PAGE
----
I used to be like you, you know. I used to have a life.
Oh, those were grand times. If we weren’t on some weekend vacation to exotic lands such as Wiscasset or Vassalboro, I was riding my bike deep into the woods and doing everything possible to lose my way back.
Nights were forays into the star-strewn unknown. I’d stay up writing strange fiction into the wee hours and then, bleary-eyed and half drunk with creative hangover, watch the sunrise from the stoop.
I used to have something. I used to do things.
I never wanted that silly service, you know. There was a time not long ago when I’d sneer at fools who stood around the water cooler rambling endlessly about hit shows such as “Game of the Dead,” or “The Walking Thrones.”
I fancied myself better than them, because while they were spending precious hours indulging in worlds created by others, I was out living stories far grander than those.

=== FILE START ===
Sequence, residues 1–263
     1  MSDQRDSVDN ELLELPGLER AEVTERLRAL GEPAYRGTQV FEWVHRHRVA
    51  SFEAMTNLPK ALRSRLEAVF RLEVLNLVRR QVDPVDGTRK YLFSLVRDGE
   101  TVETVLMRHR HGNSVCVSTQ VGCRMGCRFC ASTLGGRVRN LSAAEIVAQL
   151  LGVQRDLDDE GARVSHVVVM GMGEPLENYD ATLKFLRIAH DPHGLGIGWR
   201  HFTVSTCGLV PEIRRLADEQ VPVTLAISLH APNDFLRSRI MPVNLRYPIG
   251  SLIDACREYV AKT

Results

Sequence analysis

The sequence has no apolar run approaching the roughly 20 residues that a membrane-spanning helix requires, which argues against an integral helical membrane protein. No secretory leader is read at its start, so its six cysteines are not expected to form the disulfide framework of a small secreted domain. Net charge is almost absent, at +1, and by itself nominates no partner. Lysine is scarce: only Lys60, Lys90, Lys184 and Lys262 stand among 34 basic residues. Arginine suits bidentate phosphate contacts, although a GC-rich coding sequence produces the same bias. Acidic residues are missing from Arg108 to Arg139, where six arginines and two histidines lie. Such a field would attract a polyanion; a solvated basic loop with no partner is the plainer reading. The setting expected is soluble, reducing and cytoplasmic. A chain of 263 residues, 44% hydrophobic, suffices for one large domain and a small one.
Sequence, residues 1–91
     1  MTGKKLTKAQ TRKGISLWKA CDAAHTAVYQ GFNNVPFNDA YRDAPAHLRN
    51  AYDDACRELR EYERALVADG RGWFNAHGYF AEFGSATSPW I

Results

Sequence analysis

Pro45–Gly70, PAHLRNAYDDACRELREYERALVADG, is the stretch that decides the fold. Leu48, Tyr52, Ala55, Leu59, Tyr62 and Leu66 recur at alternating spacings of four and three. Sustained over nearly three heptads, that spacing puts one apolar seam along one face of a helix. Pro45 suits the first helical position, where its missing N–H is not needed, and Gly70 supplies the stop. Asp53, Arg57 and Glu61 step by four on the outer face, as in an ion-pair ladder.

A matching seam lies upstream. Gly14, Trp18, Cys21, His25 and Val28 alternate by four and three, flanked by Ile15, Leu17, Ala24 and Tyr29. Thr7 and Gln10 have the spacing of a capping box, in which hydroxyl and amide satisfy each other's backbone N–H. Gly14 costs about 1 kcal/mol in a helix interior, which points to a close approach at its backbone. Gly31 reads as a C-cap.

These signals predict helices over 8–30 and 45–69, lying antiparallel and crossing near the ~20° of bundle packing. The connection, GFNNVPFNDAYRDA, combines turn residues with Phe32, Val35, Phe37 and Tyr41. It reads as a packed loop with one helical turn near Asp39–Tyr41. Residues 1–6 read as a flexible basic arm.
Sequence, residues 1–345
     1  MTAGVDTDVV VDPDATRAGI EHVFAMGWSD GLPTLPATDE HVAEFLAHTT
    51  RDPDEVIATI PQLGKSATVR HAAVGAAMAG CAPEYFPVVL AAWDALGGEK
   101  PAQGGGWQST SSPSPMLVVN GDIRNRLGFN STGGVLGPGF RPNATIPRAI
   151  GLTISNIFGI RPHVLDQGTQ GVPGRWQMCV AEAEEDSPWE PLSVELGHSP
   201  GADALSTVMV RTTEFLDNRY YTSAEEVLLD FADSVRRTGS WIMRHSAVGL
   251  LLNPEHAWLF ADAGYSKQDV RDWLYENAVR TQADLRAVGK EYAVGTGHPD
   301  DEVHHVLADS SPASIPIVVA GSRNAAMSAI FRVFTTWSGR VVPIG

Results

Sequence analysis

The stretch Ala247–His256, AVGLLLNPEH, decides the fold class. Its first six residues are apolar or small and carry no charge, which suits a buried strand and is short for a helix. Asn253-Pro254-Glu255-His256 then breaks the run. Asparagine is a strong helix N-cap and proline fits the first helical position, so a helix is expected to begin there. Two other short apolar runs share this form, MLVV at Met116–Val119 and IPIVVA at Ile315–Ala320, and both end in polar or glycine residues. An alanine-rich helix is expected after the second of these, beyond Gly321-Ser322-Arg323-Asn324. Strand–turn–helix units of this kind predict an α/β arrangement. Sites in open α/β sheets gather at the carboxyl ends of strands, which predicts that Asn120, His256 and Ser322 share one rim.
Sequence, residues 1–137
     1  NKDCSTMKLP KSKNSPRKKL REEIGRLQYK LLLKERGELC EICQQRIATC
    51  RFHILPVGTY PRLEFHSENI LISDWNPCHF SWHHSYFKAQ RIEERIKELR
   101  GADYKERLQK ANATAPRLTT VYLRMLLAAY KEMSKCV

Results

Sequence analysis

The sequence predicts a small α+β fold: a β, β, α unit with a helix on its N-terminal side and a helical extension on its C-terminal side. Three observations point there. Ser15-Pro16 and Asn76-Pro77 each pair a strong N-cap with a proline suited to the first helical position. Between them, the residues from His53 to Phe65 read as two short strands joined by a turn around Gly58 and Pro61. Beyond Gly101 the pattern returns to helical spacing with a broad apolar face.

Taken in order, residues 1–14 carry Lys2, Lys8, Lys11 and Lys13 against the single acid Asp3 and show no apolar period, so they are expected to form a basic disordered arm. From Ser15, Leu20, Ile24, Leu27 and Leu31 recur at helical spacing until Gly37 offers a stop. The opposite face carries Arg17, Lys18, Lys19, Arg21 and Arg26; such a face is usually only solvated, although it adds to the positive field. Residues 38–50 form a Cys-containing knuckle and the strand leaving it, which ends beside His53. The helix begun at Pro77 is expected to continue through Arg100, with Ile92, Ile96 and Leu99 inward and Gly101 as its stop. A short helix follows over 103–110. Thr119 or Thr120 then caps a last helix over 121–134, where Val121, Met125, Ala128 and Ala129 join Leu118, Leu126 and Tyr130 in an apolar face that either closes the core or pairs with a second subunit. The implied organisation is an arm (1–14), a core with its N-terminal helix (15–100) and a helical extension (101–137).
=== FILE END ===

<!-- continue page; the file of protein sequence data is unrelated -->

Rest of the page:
Then Netflix happened. It was somewhat thrust upon me, but I went willingly enough. I’ll just have a taste, I figured. I’ll bite off one tiny slice of “The Walking Dead,” just to see what all the fuss is about, and then I’ll be done and on my way.
October went by in a blur. They say there was actually a November last year, but I don’t remember it. Too busy bingeing the way a career drunk would binge if he found himself in a fully stocked liquor store in an abandoned town.
By the time I was caught up on “The Walking Dead,” I ambled away from the computer like one of those zombies that so entertained me. Probably smelled like one, too.
Shaken and embarrassed, I made justifications for the long indulgence. I don’t have a problem — YOU have a problem. I mean, who WOULDN’T get hooked on a show about walking dead folks in an apocalyptic world? That’s like chocolate-flavored crack for a guy with conspiratorial tendencies.